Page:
Companies including Amazon, PayPal, and Dunkin’ Brands have succeeded in blocking shareholder votes on environmental issues under new regulatory guidance.

The U.S. Securities and Exchange Commission released the guidance in November after being lobbied by business groups to limit shareholder resolutions. Companies appear to be reaping benefits from it, according to an S&P analysis that found SEC staff have rejected only one of 11 company requests to use the “ordinary business” exception to block votes on environmental proposals.

Shareholder rights advocates are now concerned that the SEC is eroding the viability of the proxy process.

“I think the options are being significantly limited,” Christine Jantz, founder and president of Jantz Management, which submitted shareholder resolutions for the current proxy season, told S&P Global Market Intelligence.

Under SEC rules, companies can reject a shareholder vote on a resolution that “deals with a matter relating to the company’s ordinary business operations” unless the proposal focuses on “sufficiently significant” policy issues.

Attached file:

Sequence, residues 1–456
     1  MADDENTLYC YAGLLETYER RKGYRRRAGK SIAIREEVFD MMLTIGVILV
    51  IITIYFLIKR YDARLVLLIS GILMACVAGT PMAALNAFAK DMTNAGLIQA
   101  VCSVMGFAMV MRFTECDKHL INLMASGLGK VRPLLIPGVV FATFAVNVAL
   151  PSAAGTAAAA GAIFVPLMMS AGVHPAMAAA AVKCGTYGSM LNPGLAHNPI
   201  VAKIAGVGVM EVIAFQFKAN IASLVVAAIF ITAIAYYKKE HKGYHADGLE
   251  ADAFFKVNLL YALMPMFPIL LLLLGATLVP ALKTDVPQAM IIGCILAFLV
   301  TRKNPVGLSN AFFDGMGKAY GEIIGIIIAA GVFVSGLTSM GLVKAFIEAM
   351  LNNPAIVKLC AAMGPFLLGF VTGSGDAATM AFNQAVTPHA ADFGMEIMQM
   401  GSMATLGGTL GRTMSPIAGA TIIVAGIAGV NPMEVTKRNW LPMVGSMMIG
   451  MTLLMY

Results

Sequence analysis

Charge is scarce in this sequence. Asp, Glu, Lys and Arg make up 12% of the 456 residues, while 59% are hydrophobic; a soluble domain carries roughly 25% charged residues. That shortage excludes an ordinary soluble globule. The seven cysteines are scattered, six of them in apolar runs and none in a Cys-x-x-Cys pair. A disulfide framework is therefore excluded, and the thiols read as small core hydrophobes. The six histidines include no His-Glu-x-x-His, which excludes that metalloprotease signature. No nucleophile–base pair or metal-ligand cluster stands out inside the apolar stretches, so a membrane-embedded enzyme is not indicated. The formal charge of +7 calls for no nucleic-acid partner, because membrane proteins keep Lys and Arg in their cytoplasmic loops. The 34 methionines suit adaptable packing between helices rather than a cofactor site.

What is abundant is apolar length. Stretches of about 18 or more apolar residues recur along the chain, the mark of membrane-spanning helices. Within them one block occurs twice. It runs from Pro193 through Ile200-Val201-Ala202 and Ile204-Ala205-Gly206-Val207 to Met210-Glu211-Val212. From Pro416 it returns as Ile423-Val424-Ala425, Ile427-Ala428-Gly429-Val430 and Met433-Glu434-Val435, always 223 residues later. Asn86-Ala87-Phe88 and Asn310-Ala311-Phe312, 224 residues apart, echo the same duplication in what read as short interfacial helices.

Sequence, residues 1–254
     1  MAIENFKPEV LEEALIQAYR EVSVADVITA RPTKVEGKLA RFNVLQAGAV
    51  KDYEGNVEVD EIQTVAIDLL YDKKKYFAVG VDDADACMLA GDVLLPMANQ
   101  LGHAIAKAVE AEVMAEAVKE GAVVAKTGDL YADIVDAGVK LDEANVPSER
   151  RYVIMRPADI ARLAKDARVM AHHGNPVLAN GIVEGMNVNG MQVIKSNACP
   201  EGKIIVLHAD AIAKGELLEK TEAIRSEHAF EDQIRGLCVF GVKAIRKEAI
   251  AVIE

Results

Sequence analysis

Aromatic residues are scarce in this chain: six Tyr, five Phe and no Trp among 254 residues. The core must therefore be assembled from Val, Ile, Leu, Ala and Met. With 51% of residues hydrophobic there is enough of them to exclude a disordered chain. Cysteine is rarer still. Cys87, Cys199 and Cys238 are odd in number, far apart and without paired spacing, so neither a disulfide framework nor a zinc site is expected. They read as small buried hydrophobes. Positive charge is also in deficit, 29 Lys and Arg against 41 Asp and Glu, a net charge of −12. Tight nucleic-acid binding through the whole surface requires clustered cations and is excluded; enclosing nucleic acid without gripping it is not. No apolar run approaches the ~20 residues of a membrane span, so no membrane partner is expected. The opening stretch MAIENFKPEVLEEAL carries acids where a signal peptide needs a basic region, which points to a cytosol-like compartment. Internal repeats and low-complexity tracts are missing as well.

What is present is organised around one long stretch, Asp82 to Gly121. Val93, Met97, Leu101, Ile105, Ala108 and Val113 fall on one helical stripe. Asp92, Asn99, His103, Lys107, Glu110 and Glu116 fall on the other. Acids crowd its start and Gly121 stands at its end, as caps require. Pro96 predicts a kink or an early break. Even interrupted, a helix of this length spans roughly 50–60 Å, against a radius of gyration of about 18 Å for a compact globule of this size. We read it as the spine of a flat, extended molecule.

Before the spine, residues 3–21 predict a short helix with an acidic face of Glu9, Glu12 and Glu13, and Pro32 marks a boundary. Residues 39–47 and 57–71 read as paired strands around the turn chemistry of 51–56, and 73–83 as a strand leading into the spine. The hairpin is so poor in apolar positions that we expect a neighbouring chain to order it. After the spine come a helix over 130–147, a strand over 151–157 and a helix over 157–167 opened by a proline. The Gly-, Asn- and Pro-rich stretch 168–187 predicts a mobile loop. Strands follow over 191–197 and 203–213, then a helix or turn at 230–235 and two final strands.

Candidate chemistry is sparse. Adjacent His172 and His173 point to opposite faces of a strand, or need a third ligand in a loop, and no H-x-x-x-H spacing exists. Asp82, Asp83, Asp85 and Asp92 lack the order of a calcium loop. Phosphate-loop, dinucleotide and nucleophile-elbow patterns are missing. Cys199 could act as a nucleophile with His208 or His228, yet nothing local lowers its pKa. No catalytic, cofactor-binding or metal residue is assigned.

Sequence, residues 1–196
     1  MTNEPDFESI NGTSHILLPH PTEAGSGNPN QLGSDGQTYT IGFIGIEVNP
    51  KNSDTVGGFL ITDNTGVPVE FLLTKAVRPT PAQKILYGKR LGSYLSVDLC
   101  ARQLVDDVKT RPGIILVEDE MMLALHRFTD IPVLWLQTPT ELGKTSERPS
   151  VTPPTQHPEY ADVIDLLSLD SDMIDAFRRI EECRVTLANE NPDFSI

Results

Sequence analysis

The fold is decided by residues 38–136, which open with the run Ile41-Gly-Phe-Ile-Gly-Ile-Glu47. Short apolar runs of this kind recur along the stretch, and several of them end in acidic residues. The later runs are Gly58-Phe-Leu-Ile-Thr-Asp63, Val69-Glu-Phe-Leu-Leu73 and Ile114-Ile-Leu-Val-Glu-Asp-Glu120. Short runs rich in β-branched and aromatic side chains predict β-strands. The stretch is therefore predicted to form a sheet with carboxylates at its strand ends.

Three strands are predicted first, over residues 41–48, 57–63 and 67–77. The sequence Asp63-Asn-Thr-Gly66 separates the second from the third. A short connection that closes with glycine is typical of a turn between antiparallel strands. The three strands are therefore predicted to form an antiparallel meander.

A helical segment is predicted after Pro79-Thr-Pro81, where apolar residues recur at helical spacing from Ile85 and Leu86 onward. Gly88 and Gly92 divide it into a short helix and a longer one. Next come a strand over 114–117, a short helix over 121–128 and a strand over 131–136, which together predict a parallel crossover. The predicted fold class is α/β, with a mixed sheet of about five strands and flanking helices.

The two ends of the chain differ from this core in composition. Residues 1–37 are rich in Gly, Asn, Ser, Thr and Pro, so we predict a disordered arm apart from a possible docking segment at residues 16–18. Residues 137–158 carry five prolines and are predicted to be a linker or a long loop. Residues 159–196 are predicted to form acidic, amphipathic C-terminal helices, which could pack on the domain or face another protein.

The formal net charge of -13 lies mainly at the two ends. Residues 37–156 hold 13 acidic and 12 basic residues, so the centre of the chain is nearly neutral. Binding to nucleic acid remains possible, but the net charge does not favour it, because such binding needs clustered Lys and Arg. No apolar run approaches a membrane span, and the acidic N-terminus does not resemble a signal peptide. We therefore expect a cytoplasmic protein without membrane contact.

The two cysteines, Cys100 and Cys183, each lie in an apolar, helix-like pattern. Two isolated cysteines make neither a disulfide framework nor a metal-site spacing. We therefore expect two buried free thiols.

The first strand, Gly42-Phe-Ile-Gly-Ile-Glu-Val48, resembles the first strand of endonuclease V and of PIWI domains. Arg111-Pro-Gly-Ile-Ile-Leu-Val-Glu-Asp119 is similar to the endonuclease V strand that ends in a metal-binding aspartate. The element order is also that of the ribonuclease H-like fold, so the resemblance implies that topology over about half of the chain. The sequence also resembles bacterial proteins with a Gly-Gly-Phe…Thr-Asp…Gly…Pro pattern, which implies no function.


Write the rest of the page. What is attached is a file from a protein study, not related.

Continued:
The SEC’s new guidelines indicated staff would be deferential to corporate boards in deciding whether the exception applies to a proposal.

“These determinations often raise difficult judgment calls that the Division [of Corporate Finance] believes are in the first instance matters that the board of directors is generally in a better position to determine,” the agency’s Bulletin 14I stated.

Proposals that will now not be coming to a vote this proxy season include one that would have required the Dunkin’ Brands board to assess the environmental impact of the company’s use of K-Cup Pods packaging.

SEC staff also sided with American Airlines over a resolution on the impacts of smaller cabin sizes on plus-size people in its proxy materials. Only Entergy Corp.’s request to block a vote on a climate change-related proposal was not approved.

Tom Quaadman, executive vice president of the U.S. Chamber of Commerce’s Center for Capital Markets Competitiveness, believes the SEC let through proposals it never should have under the Obama administration.

“A properly calibrated shareholder system is going to make sure that those proposals that are actually important to companies will be considered,” he said.

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